The White Sapote (Casimiroa edulis) and Wooly-Leaf White Sapote (C. tetrameria) are members of a small genus of 5 doubtfully distinct species confined to Mexico and Central America as far south as Costa Rica. The genus Casimiroa was named after a late 18th century Spanish botanist, Cardinal Casimiro Gomez de Ortego. It belongs to the Rutaceae family which includes the well known Citrus species, the Wampee (Clausena lansium), the Bael fruit (Aegle marmelos), and the Wood apple (Feronia limonia).
Other names for both fruit in Mexico and Central America are zapote blanco, Matasano, and Abache. In some other countries they are known as Casimiroa. C. tetrameria is also known as Guatemalan Sapote and as Yellow Sapote in California, in reference to the golden skin and pulp of this species.
Seedling trees of C. edulis are evergreen, rather open growing, long lived, and can attain a large size, with a height and spread of up to 18 metres. Grafted trees grow to smaller dimensions, up to 10 metres height and spread. C. tetrameria grows to slightly smaller dimensions in both seedling and grafted trees.
Leaves in both species are palmately compound, with generally 5 but varying between 3 and 7 leaflets, 5 to 14 cms. long, 2.5 to 5 cms. wide. As its common name suggests, leaves of C. tetrameria have a pubescent underside, young leaves and shoots also being slightly pubescent.
Branches are sometimes brittle when young, but become strong, wind resistant, and capable of supporting large crops. Bark colour gradually changes from bright green in young growth to an ash-grey colour on mature limbs. The root system is vigorous and extensive, and the trees are drought resistant, when established.
Flower and Fruit.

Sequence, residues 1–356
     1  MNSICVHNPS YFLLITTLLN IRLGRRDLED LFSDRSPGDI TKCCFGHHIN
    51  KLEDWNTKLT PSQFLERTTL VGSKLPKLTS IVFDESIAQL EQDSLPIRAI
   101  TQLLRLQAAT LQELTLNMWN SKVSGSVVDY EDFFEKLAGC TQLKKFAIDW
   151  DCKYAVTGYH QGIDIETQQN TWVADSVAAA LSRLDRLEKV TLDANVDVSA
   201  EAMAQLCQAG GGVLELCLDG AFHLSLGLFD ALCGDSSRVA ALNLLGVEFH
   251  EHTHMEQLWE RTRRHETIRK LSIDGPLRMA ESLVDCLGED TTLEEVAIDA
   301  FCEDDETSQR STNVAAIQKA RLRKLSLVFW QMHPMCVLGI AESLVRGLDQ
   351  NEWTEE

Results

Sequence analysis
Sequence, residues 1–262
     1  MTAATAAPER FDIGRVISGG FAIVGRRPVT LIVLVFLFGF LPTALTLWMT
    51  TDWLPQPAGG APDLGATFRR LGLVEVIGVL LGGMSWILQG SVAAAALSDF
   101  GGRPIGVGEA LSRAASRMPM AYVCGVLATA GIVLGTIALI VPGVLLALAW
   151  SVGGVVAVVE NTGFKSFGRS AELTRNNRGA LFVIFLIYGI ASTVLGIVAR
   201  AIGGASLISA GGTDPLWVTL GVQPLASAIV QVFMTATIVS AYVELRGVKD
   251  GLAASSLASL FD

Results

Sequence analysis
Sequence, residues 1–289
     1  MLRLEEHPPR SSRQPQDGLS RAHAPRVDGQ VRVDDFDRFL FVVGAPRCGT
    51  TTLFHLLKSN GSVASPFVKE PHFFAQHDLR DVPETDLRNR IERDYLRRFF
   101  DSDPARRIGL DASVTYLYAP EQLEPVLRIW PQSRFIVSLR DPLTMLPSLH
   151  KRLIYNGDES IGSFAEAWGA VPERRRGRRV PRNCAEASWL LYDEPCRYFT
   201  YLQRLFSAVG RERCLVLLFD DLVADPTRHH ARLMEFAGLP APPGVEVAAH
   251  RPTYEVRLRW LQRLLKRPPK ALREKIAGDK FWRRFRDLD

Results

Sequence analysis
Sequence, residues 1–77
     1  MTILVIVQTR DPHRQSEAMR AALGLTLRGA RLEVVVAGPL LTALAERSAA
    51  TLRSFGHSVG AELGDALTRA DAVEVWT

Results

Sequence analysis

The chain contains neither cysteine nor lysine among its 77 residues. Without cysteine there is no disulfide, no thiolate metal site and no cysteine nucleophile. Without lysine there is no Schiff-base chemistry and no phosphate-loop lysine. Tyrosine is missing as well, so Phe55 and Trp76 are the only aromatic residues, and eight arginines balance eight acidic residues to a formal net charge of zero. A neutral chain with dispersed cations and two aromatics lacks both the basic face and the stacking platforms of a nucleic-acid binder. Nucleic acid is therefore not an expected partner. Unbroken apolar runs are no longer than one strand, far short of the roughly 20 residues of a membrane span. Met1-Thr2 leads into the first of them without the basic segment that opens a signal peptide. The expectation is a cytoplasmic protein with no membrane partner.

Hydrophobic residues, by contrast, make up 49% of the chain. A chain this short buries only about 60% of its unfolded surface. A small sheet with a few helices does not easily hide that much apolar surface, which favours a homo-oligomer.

The small, pale green to cream flowers are borne mainly from late autumn to early spring. They occur in clusters or panicles, either terminally on long or short shoots, in the axils of mature leaves, or around the base of shoots a year or more old.
Fruit maturity times of C. edulis are influenced greatly by latitude. According to Popenoe, ripening season in Guatemala is April and May. In Florida the season is mainly May and June, in Mexico from May to July. Main ripening period in New Zealand is May to July. Maturity times in California are mainly from September to January, with some cultivars, Suebelle in particular, bearing some fruit all year round in coastal areas. C. tetrameria matures from July to October in California.
Fruits of C. edulis are variable in all characteristics. size can vary from 70 to 700 grams, shape generally round or slightly oblong, sometimes slightly flattened and fruit of some trees is quite irregular in shape. Immature fruit are green in colour, in some types remaining green when ripe, some others are tinged or streaked with yellow when ripe, while others attain an even light or medium yellow colour on ripening. It is difficult to judge when varieties remaining green when ripe are ready to pick, whilst the maturity stage of 'yellow ripe' varieties is easily seen, the fruit assuming a light yellow colour when ready to pick.
The colour of the fruit pulp of this species also varies from a creamy white to yellow-orange. Fruit can be used when mature but still firm, but is generally best eaten when slightly soft, at which stage the pulp is soft, sweet, and melting. Seedling trees quite frequently bear fruit with varying degrees of bitterness in the skin and around the seeds. Named cultivars are almost all free of this bitterness. Brief descriptions of the fruit from various authors are-
Burkill - "tastes like the best pears".
Simmons - "pulp tender, with the texture of butter, sweet in taste but with a slight resinous or bitter flavour".
Popenoe - "yellowish flesh of soft melting texture and sweet or slightly bitter flavour - some trees produce small bitter fruits, others bear large ones of delicious flavour".
Thomson - (Of the better selections) ... "flesh is very sweet and juicy and just melts in your mouth. The fruit is well liked by most persons who like sweet fruits. One does not have to develop a taste for it as is the case with the avocado".